By Angela Hayes, Ph.D.
Those reviewing resumes spend between 3-30 seconds on your resume and you will go in the yes, no, or maybe pile based on that small amount of time. Increase your chances of landing in the yes pile by following these guidelines:
1. Make sure you have the right key words for the position to which you are applying. Many organizations send their resumes through scanning software first. If you don’t have the right key words, you might get taken out of the running before anyone has even seen your resume. Here’s a tool you can use to check how well you’ve addressed the relevant key words: https://tinyurl.com/ybyju8hl
2. Center your main headings. As odd as it sounds, research shows that if you center your main headings (Professional Profile, Professional Experience, Education, etc.,) you will be considered a higher level candidate with more promotion potential.
3. Create a Professional Profile at the top. The days of Objectives are long gone. Start the resume off on the right foot by telling the potential employer what you have to offer. An objective tells them what you want from them, and is often too vague to make that crucial positive first impression. A Professional Profile should include your years of experience, outline of your most relevant professional experience and include your special skills and attributes.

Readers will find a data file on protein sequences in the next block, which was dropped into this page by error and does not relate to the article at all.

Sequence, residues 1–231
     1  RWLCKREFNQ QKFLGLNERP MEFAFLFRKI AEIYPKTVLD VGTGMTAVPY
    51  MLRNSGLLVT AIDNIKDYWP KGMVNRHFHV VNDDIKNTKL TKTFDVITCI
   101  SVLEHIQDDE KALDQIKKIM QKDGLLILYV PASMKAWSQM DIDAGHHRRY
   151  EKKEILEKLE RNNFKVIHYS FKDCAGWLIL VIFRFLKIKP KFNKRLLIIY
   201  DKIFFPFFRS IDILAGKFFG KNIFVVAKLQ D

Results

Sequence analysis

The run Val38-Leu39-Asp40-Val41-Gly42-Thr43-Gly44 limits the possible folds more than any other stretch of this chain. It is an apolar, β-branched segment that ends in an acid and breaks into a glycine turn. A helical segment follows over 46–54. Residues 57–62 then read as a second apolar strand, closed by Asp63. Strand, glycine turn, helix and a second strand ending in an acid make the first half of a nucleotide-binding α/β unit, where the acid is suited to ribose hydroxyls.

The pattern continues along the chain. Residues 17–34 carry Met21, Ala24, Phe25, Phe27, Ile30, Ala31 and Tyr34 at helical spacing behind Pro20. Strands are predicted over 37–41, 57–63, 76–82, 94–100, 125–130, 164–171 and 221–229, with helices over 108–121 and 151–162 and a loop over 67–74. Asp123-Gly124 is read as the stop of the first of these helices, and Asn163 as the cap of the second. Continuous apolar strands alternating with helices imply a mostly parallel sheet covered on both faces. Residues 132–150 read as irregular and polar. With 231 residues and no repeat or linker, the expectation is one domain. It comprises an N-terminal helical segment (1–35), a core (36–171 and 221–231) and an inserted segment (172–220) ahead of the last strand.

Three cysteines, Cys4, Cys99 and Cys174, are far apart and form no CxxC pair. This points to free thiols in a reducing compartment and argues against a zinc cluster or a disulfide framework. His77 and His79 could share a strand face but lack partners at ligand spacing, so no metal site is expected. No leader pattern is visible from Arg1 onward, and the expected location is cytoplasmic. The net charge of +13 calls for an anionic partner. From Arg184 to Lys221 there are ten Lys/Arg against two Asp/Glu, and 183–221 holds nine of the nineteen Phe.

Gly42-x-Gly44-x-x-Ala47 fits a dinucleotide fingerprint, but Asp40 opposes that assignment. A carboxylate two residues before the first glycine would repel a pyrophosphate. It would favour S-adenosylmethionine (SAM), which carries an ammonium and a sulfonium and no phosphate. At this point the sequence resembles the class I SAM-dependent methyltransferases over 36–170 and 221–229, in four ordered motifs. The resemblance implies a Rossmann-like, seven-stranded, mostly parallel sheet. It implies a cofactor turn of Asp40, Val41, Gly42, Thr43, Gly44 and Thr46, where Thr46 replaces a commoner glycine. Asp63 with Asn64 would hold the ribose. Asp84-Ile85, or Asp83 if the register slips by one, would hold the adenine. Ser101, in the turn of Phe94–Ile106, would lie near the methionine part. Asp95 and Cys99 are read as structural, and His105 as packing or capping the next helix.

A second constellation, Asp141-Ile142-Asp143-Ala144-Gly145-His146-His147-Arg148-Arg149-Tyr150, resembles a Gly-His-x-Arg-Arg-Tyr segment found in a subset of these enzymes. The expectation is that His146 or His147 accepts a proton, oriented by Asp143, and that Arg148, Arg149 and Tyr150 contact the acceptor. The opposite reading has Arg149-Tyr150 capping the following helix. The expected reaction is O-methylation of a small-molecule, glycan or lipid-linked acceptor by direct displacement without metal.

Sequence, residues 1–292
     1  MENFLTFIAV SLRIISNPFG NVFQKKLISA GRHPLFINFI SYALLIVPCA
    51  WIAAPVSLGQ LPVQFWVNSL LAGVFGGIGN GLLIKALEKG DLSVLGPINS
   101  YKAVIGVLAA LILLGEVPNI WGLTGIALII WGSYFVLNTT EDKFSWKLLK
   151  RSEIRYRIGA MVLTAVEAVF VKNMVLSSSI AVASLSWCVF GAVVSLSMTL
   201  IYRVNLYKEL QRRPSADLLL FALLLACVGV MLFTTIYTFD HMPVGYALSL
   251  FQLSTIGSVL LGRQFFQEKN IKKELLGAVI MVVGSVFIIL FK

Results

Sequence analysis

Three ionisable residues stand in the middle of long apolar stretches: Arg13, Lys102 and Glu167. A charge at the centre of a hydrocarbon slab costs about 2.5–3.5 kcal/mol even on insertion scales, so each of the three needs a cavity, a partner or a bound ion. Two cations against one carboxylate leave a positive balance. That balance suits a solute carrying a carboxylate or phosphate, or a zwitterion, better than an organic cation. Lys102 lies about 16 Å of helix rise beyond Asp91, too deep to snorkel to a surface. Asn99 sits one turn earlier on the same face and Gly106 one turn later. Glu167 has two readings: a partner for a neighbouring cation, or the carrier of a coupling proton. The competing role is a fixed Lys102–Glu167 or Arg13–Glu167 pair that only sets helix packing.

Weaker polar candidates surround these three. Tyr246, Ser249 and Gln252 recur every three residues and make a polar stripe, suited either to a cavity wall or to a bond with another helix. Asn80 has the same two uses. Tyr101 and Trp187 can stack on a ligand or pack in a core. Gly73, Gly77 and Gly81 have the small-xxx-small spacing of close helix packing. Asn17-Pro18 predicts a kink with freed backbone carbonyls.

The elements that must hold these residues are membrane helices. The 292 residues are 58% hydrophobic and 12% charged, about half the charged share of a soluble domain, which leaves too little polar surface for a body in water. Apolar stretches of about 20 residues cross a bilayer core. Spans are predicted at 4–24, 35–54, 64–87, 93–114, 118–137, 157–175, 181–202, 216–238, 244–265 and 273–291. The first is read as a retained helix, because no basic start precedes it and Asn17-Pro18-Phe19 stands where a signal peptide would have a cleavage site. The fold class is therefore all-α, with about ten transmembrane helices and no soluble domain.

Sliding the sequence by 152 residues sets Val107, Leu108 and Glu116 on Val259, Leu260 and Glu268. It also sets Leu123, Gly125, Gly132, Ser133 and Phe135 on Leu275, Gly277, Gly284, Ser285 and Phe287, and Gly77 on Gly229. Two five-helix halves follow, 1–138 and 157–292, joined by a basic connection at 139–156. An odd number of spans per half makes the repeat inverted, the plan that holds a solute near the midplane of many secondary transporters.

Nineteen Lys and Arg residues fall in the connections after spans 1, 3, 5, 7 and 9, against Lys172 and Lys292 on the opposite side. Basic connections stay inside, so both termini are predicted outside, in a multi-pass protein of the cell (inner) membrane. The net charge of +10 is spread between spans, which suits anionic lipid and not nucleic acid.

4. Add lines between your sections. Research shows that people are more likely to read your resume if it have lines to break up the sections. It gives a sharper look and makes the content seem less overwhelming.
5. Use strong action verbs at the beginning of each bullet (and always use bullets, never block text). Avoid “responsibilities included” when possible and tell them what you did, with metrics/accomplishments when possible so that the employer can see the scope of what you can do. Also write in active rather than passive voice. Collected and Analyzed sounds much stronger than “was involved in the collecting and analyzing of.”
Angela serves as the Associate Director of Alumni and Online Career Engagement. Prior to coming to CSU, she worked as the Assistant Director of Alumni and Graduate Student Career Services at Kansas State University. She has a B.S. in Psychology, an M.S. in Industrial/Organizational Psychology and a Ph.D. in Professional Coaching and Human Development. She’s a nationally Board Certified Coach and a nationally Certified Health and Wellness Coach.
She has a passion for helping others to see their lives as full of possibilities and un-tapped potential. She views changes/transitions (both planned and unplanned) as opportunities for individuals to discover and plan out what they really want from their careers and lives.